Posted in Life Lessons, Word

Startled – What is This?

What is This?

You’re sitting there, tears falling over freshly dried tears, wondering how on earth you got to this place. Whatever your this is, it feels like hell. It feels like nothing is ever going to be right again. Maybe you’ve done everything right. Maybe you’ve done everything wrong. I’ve been on both sides of the right or the wrong of the “this.”

Whatever happened, this was nowhere in the original plan. Whatever happened, you’ve been finally, fully startled awake.

My THIS List:

Here is my lifetime “this” list (so far):

  • Divorce
  • Sexual assault
  • Financial ruin
  • Being cheated on
  • Being deceived
  • Deceiving others
  • Facing Cancer
  • Losing a job
  • Losing family members
  • Almost losing a child to suicide
  • Losing a ministry
  • Being in an abusive relationship

That’s the short list.

Moving Forward

I was talking with a friend recently and he gave me some amazing advice that I want to pass along.

  • People change only when there are no more options.
  • Start forgiving right now so you can start to heal. Don’t wait.
  • Move on.

My Dad always taught me that I need to:

  • “face reality squarely,” (Job 38)
  • “live a life that pleases God,” (Colossians 1:10), and
  • “separate the precious from the worthless.” (Jeremiah 15:19)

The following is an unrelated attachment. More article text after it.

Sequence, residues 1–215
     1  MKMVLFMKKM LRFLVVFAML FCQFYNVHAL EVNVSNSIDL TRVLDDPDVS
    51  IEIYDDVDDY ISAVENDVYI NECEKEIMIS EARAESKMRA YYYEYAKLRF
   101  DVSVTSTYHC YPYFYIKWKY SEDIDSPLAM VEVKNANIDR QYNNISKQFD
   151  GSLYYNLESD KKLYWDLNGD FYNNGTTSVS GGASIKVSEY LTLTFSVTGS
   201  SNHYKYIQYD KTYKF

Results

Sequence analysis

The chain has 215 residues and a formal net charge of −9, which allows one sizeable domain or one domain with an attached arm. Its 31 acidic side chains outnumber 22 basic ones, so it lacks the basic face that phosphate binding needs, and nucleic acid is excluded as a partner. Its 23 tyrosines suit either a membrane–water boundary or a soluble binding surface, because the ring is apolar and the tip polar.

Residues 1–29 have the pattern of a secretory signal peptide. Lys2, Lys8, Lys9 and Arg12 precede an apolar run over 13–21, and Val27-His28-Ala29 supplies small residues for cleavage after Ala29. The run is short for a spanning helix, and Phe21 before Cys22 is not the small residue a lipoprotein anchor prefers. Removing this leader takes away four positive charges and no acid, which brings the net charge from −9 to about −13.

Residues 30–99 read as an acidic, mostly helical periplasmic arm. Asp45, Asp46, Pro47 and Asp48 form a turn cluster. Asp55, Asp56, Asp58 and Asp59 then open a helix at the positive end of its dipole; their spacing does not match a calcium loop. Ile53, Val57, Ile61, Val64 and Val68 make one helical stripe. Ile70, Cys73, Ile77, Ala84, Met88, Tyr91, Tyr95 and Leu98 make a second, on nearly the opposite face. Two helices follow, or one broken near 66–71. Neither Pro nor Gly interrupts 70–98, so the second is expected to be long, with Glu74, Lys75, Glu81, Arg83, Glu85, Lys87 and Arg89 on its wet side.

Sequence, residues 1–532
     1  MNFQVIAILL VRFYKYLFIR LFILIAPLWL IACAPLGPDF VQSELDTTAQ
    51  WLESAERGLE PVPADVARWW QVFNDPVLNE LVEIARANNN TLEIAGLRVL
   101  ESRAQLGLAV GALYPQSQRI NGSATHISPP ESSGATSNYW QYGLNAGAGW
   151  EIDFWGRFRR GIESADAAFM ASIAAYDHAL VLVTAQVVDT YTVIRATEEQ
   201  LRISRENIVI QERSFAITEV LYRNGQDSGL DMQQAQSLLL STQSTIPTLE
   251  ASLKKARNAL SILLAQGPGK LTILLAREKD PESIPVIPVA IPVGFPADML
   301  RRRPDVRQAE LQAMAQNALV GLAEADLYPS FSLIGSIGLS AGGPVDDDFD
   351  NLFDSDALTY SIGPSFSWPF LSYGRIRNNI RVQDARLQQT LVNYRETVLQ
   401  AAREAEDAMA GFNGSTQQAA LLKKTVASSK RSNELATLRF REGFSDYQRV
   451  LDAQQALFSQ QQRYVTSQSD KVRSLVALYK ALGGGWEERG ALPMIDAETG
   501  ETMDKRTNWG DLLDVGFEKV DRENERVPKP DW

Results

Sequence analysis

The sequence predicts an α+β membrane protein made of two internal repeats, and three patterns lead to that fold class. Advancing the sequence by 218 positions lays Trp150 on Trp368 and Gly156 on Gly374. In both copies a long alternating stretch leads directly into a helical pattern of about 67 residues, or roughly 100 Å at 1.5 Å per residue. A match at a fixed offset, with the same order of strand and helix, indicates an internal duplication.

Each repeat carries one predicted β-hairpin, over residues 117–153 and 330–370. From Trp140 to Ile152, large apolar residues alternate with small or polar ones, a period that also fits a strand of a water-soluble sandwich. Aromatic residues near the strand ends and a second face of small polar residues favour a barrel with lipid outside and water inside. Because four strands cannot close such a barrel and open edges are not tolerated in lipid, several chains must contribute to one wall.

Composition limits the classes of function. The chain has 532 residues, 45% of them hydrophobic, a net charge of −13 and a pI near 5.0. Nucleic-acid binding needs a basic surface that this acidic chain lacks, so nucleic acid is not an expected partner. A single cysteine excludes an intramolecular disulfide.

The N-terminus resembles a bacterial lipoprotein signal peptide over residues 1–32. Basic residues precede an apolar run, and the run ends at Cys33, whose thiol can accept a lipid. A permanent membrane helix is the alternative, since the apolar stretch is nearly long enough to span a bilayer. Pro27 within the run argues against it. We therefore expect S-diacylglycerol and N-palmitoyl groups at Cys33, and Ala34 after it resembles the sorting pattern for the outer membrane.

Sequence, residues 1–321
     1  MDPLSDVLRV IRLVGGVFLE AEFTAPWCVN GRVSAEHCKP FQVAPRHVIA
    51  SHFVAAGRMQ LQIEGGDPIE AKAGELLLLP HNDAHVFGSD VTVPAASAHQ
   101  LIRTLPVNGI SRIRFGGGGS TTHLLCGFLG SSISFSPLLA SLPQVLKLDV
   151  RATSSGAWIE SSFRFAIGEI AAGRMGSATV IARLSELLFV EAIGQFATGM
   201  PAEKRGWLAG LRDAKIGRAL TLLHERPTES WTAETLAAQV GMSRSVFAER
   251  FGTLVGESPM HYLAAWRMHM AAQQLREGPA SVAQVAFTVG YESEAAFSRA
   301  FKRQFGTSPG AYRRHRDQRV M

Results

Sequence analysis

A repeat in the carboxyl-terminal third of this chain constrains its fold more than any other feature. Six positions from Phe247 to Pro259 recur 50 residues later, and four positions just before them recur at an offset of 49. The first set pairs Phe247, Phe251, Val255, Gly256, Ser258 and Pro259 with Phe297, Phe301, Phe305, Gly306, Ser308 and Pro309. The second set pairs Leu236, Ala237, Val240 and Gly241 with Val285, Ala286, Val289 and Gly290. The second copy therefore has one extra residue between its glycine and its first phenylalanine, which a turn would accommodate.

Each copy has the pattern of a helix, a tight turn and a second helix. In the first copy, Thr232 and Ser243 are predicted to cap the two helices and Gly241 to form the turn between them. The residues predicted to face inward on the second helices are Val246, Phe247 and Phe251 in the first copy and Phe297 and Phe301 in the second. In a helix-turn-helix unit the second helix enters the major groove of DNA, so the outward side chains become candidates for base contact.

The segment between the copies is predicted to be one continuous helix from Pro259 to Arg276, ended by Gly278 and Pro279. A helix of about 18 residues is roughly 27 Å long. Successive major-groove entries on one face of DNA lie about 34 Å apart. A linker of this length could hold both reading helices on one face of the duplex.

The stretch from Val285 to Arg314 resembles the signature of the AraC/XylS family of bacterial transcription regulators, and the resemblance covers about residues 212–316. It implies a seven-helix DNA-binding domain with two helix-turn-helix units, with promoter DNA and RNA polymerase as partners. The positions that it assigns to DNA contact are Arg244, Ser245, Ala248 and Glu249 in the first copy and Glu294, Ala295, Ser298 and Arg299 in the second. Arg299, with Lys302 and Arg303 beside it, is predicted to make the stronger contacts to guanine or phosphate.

So I’m suggesting that right this minute you should begin to sift through the rubble, call it what it is – rubble, own your part in what happened, retrieve the precious, and walk away from the worthless.

I’ve learned by experience (mostly by falling on my face) that the Lord really does work all things for my good because he has called me according to his purpose and I’ve tried to live my life with a “yes, Lord” posture. (Romans 8:28)

Sift. Separate. Own your part. Pray. Forgive yourself. Forgive others. Do it quickly. Ask God “what’s next?”. Move forward.

This, too, really shall pass. But you’ve got to get up out of the rubble.

And if you need to talk, my ears are always open and I’m always up for some good conversation over a skinny vanilla latte.

Posted in Cancer, Life Lessons, Love, Parenting, Poetry, Uncategorized, Word, Word, Truth, Life, Love

Playing Hide-and-Seek (my life story)

I was out shopping with the most beautiful girl in the world. She was 3 years old – with gorgeous red curls and bright, happy green eyes. We were at a major department store looking for a size 3T Easter dress – with extra frills, ruffle-butt tights, and those fold-down socks with the lace that look beautiful in patent leather Mary-Janes.

She kept running off – looking at the tiny purses and teddy bears. I was afraid I would lose her. So I did what any good mom would do to teach an object-lesson: I let her get lost.

hide_and_seek

This was the perfect moment – no one else was in this section. I got really quiet and just let her wander from rack to rack. Books. Toys. Purses. I didn’t let her see me. I kept hiding until I watched panic slowly set in – all over her tiny little body. Her eyes got wide. Her feet starting running. Her eyes darted all around looking for safety. Her little voice began calling out – “Mommy. Mommy? MOMMY!”

I let that go on for about 30 seconds before I scooped her up in my arms and said, “It’s okay, Baby Doll. You’re safe. Mommy’s gotcha.” And she looked up at me with her big green eyes and said, “I lost you, Mommy. I thought you were gone.”